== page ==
Marxism: Theory of Proletarian Revolution

By Olivia Guy-Evans, published Nov 03, 2022 | Fact Checked by Saul Mcleod, PhD


According to Karl Marx, society has two classes: the proletariat and the bourgeoisie. The proletariat is the working-class members of society that sell their labor to earn wages. In contrast, the bourgeoise is the wealthier members of society who have control over the means of production. 

The bourgeoisie would be the capitalist owners of private property, whereas the proletariat would sell their labor as their only way to survive. The bourgeoisie aims to make as much profit as possible in the marketplace while paying the creators of the product as little as possible to maintain their own wealth. 

Since the proletariat is exploited by the bourgeoisie, according to Marx, this causes class conflict. Tensions between the two classes are thought to increase with the opposing desires of the bourgeoisie wanting bigger profits while the proletariat defends their right to fair pay and working conditions. 

What Is A Proletariat Revolution? 

A proletariat revolution is a social revolution in which working-class laborers attempt to overthrow the capitalist bourgeoisie. In the Communist Manifesto, written in 1848, Marx and Engels proposed that the proletariat revolution was inevitable and would be caused by the continued exploitation of the capitalists. The workers will eventually revolt due to increasingly worse working conditions and low wages. 

Marx argued that a social revolution would mean changing the existing social and political system from a capitalist to a communist society. A communist society means there are no social classes or private property.

Instead, private property will be replaced with collective ownership, meaning that the means of production will come to a common agreement. Under communism, there would be no exploitation of the labor of others. Instead, accumulated labor is a means of widening and enriching the workers’ existence (Marx & Engels, 2019). 

When Marxists talk about the proletarian revolution, they mean the complete solidarity of interest of all the people oppressed and exploited by capitalism. Only by working together against the capitalists does their revolution become successful. 

In the Communist Manifesto, Marx and Engels suggest that the proletarian revolution is to be identified with an overthrow of the existing social system by violence. However, looking deeper into the Marxist theory of revolution reveals that Marx and Engels often referred to a peaceful revolution. A revolution is attained because of class struggle, not by violence (Schaff, 1973).

Proletariat revolutions are generally advocated by socialists, communists, and anarchists alike. When Marx wrote about the proletariat revolution in the 1800s, he predicted it would happen soon in Europe, followed by a worldwide occurrence. However, this did not end up being the case.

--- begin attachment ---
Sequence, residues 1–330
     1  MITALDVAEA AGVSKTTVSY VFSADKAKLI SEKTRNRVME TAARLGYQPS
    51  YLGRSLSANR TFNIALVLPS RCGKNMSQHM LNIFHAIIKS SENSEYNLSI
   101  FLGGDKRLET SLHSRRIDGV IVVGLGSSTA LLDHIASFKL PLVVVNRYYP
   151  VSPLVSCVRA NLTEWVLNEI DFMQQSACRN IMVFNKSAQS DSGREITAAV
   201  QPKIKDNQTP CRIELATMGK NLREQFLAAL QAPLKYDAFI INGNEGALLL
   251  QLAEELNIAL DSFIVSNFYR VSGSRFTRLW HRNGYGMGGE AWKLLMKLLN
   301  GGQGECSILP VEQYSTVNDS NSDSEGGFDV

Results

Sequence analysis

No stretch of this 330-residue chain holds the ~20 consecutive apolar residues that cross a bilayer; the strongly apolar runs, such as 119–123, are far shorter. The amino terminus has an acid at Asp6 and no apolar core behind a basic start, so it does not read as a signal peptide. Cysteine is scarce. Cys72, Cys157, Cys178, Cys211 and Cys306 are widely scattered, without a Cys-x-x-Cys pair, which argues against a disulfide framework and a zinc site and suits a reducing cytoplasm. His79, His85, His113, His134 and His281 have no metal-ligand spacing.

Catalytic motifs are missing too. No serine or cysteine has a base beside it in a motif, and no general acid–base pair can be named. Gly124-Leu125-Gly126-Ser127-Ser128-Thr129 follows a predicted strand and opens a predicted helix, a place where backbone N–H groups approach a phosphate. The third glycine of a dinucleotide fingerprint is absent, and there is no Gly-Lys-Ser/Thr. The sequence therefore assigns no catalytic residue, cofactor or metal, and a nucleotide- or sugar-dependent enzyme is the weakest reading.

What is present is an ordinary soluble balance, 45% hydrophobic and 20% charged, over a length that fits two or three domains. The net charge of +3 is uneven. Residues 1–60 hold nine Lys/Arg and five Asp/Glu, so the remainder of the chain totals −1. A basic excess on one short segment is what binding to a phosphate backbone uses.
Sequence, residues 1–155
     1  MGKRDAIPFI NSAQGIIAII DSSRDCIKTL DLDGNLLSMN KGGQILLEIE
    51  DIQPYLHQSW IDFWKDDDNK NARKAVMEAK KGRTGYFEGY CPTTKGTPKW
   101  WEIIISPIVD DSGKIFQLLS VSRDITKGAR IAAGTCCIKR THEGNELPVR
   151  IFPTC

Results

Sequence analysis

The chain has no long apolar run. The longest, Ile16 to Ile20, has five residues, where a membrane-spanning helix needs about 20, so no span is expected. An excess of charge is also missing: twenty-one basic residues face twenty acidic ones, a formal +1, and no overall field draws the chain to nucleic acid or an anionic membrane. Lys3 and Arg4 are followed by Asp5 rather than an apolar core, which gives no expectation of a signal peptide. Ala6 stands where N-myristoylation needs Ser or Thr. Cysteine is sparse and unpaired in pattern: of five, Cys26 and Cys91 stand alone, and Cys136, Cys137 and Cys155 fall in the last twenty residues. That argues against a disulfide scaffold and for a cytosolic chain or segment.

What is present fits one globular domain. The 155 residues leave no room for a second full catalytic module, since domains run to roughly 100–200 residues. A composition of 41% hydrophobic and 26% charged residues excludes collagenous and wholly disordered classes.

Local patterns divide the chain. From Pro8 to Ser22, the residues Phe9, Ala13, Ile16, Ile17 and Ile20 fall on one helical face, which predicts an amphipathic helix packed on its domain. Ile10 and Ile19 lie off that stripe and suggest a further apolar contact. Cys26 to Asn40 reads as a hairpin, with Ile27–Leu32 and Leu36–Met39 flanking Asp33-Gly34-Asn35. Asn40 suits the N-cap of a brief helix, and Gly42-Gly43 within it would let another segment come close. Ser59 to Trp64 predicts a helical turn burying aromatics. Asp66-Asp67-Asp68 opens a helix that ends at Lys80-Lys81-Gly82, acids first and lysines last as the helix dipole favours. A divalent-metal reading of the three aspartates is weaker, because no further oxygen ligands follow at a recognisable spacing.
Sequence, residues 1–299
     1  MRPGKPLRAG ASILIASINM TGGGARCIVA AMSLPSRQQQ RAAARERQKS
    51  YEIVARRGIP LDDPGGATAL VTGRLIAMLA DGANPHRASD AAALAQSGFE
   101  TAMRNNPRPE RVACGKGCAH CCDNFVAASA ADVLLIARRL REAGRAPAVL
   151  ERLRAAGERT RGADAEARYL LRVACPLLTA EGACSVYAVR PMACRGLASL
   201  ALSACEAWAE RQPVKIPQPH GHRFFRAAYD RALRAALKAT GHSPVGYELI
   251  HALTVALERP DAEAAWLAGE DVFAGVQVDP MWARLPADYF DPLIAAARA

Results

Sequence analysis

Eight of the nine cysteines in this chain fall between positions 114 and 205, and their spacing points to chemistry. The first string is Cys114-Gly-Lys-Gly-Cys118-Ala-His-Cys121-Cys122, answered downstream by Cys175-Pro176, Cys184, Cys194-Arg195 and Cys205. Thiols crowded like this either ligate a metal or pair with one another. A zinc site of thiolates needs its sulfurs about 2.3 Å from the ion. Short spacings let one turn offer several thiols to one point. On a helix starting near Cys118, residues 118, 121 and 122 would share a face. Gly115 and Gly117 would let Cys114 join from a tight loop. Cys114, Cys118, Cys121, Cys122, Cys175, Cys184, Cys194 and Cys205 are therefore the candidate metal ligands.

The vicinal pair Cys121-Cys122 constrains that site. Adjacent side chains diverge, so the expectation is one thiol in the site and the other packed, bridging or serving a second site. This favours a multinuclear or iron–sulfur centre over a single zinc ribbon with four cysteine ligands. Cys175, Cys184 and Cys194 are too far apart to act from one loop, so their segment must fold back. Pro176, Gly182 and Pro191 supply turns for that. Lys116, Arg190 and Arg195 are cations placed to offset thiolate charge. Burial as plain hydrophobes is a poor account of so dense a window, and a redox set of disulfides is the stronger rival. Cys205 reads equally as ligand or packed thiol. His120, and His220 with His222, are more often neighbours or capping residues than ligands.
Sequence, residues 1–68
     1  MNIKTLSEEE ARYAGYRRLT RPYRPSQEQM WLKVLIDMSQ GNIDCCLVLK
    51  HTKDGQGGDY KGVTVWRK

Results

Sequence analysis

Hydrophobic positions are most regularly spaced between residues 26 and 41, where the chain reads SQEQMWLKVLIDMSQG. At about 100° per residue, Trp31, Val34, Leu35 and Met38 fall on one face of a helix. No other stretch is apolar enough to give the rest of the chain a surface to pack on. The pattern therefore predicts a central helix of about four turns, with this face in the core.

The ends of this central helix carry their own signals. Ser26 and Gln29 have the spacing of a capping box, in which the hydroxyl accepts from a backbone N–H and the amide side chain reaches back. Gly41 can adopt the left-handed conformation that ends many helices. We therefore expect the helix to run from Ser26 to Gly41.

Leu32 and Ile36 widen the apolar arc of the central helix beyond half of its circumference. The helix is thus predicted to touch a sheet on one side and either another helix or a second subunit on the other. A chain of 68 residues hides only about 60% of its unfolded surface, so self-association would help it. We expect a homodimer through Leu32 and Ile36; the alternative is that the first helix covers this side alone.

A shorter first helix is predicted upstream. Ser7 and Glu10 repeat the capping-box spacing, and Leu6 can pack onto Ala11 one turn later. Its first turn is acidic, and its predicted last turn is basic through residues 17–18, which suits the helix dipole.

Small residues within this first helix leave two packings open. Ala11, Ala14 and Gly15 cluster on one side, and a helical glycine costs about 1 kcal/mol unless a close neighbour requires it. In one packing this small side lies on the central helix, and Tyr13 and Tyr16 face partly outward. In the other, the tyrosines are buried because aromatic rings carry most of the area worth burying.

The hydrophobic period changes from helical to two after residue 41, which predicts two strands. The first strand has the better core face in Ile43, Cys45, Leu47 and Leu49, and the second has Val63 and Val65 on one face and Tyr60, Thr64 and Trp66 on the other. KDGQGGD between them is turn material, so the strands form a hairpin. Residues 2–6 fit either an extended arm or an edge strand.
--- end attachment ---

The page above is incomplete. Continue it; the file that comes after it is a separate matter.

Why Did Marx Believe That A Proletariat Revolution Was Necessary? 

Marx believed that a proletariat revolution was necessary so that the workers free themselves from capitalist oppression. Only with a revolution will the workers be able to create a world run by and for the working class.

Marx proposed a theory of historical materialism in which he described stages that societies pass through before eventually reaching communism. He suggested that the current stage that society was in was capitalism and that the only way this could end was with a revolution. He argued that capitalism would break itself down eventually and that a revolution was the inevitable next step for society.  

Marx concluded that ‘at a certain stage of development, the material productive forces of society come into conflict with the existing relations of production or–this merely expresses the same thing in legal terms–with the property relations within the framework of which they have operated hitherto. From forms of development of the productive forces these relations turn into their fetters. Then begins an era of social revolution.’ (Marx, 1911).

The productive forces stand in opposition to the relations of production, which no longer reflect the workers. The new relations of production are thought to triumph only when the old force of power is abolished by force. This is because the bourgeoisie would not voluntarily give up its privileged position (Helemejko, 2012).

A stronger understanding of their rank in society strengthens the proletariat’s class consciousness and can radicalize its attitude, meaning the bourgeoisie does not have any chance to win the revolution (Helemejko, 2012). 

The workers come to accept that the capitalists are not loyal to them. The workers learn that if efficiency demanded it, the capitalists would easily fire or replace them. As the capitalists gradually grind down the loyalty of the workers, the chance of a revolution increases, and the more necessary it becomes. 

Evaluation 

Marx’s ideas about what happens after the revolution can be quite vague. It is not guaranteed that there will be social and economic equality in a communist society.

Despite Marx’s belief in the 1800s that the proletariat revolution would happen soon after, it did not happen in any advanced industrialized society.